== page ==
The Watch Style is the lower-end of the two smartwatches LG has just released in conjunction with Google. It's not particularly handsome, it's not particularly feature-packed, and at $249, it's not particularly well-priced; however, it's still my favorite Android Wear smartwatch that I've used to date, and one that I think will strike well with the average consumer. Read More
Chances are that you haven't seen the LG G5 on any "Best Flagship of 2016" lists. That's understandable; the build quality's a bit iffy, and it's not the best-looking piece of tech in the world. However, at just $299.99 for a brand new, unlocked unit, it's definitely worth looking into, especially since it has features that many other flagships don't even have. Read More
The G5 didn't work out for LG, so it made some changes with the V20. Now we're mere weeks away from the G6, and it's been a pretty leaky phone. The best images of the unannounced phone we've yet seen are now making the rounds. It's not the prettiest phone, but maybe the pics don't do it justice. Read More
LG is good at getting ahead of the leaks. Why would you look for unofficial information when the company itself keeps feeding us more and more details about its upcoming products? Well, you wouldn't, especially when you have it straight from the horse's mouth that the upcoming G6 will have a 5.7" 1440x2880 display at 18:9 ratio and that it will be water-resistant. And today we have another teaser from LG to feast our eyes on.
Given the 18:9 aspect ratio of the screen (which, let's face it, is a bigger fancier way of saying 2:1) and the multi-window capability of Android 7.0 Nougat, the G6 will be able to run apps side-by-side in perfect squares. Read More
LineageOS is still a relative newcomer to the Android world, but since it's descended from the legendary CyanogenMod, builds for various devices are coming thick and fast.
In this round, there are six new devices receiving LineageOS 14.1 (based on Android 7.1 Nougat) builds: two HTCs, two Samsungs, an LG, and a ZTE. The HTC phones are both variants, Verizon and GSM, of the original HTC One, the M7. Read More
By now, you must know a lot about the new LG Style and Sport watches and all that they can and can't do. What you don't know is a little added functionality that's just handy to have, even if it won't have that much impact on your daily use.
When booting up, the new LG watches show the time on top of the spinning and expanding colorful circles animation for Android Wear. The animation only lasts a few seconds and you probably don't reboot your watch often enough to care, or you're not impatient to need to know the exact time this very second without being able to wait until the watch has fully booted, but it's a nice touch. Read More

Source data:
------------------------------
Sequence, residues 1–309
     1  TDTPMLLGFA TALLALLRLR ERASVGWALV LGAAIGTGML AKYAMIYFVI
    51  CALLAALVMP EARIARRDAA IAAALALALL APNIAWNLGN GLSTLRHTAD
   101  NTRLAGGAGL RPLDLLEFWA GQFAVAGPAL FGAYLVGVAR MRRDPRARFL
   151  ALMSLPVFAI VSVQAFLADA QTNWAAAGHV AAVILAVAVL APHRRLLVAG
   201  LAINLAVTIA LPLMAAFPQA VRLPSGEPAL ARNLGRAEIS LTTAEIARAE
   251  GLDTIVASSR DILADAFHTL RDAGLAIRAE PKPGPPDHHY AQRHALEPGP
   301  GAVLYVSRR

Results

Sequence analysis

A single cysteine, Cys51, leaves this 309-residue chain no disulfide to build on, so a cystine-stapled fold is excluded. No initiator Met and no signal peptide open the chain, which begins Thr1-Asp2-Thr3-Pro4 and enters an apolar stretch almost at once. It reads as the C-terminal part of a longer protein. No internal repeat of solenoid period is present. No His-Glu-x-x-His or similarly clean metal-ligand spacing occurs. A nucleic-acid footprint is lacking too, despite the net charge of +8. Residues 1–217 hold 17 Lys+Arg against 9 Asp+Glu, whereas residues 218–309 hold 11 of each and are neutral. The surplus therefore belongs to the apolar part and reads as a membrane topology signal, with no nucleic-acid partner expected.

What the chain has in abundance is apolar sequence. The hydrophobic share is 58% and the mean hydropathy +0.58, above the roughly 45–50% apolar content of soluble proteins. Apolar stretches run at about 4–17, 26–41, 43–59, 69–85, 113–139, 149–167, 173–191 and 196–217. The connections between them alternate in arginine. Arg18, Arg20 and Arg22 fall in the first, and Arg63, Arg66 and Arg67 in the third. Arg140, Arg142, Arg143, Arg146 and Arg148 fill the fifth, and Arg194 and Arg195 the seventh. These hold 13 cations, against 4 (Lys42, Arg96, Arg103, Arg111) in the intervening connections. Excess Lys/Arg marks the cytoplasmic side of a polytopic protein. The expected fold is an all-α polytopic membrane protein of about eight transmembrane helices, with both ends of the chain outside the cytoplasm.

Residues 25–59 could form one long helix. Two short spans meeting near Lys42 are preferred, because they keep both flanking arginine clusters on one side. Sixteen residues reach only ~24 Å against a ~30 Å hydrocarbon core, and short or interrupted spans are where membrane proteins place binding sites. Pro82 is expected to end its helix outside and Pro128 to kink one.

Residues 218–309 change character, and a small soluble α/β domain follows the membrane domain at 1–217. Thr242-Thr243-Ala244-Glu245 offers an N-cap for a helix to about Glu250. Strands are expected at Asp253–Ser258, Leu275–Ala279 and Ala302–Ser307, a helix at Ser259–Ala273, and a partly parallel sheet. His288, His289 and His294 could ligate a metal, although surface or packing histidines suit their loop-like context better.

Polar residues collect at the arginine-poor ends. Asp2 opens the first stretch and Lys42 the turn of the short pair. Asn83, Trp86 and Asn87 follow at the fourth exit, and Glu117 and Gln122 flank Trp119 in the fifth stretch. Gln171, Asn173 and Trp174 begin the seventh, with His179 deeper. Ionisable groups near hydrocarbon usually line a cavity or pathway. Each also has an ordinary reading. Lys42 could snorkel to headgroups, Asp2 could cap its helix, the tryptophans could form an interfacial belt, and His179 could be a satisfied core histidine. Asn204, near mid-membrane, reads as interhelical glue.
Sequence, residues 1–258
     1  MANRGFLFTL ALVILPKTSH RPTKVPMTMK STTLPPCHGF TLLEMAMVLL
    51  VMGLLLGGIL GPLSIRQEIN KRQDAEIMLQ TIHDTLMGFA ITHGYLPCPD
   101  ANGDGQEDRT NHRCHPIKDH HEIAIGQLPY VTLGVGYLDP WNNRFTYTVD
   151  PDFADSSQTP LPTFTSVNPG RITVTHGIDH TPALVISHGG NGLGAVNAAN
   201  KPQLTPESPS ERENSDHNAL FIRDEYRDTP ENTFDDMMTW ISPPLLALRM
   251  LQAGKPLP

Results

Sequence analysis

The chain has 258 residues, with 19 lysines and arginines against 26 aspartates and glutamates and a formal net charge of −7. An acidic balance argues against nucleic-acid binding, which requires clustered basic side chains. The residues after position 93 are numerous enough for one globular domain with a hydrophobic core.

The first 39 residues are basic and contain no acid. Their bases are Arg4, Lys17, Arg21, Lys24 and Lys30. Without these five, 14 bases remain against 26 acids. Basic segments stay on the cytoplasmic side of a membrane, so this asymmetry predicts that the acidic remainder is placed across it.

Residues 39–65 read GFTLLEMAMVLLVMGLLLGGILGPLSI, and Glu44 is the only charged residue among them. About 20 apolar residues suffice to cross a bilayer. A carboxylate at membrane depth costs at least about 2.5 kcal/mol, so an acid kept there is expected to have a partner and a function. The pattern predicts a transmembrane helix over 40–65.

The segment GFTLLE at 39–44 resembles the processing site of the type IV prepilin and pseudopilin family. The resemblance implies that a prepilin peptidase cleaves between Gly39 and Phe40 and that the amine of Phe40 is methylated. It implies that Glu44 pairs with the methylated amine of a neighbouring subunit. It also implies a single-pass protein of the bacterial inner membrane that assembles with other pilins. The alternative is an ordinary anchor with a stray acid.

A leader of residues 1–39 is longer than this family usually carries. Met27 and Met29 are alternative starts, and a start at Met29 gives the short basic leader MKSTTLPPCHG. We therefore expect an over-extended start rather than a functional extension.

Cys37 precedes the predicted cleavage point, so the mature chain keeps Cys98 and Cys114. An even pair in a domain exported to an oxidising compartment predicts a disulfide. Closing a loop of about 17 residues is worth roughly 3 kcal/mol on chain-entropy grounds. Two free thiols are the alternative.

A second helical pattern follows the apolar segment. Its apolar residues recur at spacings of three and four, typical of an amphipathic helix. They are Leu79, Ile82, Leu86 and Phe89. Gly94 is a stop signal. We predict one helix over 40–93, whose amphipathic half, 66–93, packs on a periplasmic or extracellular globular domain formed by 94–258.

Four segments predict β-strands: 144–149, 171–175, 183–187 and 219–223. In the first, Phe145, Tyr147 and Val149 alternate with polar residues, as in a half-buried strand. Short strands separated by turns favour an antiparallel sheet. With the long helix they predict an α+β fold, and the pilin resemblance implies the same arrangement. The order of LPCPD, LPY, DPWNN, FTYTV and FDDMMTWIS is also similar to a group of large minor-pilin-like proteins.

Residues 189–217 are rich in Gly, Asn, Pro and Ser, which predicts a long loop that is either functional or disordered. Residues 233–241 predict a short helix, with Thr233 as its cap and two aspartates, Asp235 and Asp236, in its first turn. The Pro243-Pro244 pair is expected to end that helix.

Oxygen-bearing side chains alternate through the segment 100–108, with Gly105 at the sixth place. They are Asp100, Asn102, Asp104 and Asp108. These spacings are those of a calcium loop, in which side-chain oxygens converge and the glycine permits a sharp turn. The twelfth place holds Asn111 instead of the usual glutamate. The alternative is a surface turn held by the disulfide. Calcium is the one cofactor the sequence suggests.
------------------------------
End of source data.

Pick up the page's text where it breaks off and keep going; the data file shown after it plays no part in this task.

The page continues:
Nearly two years after the original Android Wear announcement, Google is officially bringing version 2.0 to market. While there have been developer previews running on the LG Watch Urbane 2nd Edition and Huawei Watch, two new watches from LG will be the true standard bearers for the final release. Richard did the honors of discussing the LG Watch Style, which features a low-profile design. In this post, I'll be taking a look at its incredibly feature-packed big brother, the LG Watch Sport. Read More
After confirming with Google, we've learned that Android Pay for Android Wear will not function if your paired smartphone has an unlocked bootloader. This is not surprising, but it is disappointing nonetheless. This is despite the fact that we know the actual Wear app runs totally independently on the smartwatch, with the phone at most acting as a data pipe over Bluetooth. But the phone is integral in the actual setup process for Pay, and we suspect this may be where the limitation comes into play.
If you have an unlocked bootloader, the Android Pay app on your phone won't even let you add a card, and setup will fail, notifying you that your device is unsecured. Read More
The LG Watch Sport is the most fully-featured Android Wear device ever released. It has LTE, GPS, NFC, a heart rate sensor, barometer, Wi-Fi, and several other acronyms. What it does not have are replaceable watch bands - the bands of the Watch Sport are fixed in place by screws, weirdly. Read More
One of the major features announced as part of Android Wear 2.0 at Google I/O last year was standalone apps. Similar to Apple's "native" apps introduced in WatchOS 2, Android Wear 2.0 can allow an application to run independently on the smartwatch itself - no tethered phone required. Not only that, but Google itself is utilizing the feature right out of the gate to the great benefit of one of the core experiences on Wear, Google Assistant, in the form of voice commands and transcription performance.
On 1.x versions of Android Wear, your smartwatch captured the audio of your voice query and then sent it back to the smartphone, which then sent it up to the cloud for processing and pulled back down the final result, which then was returned to the smartwatch. Read More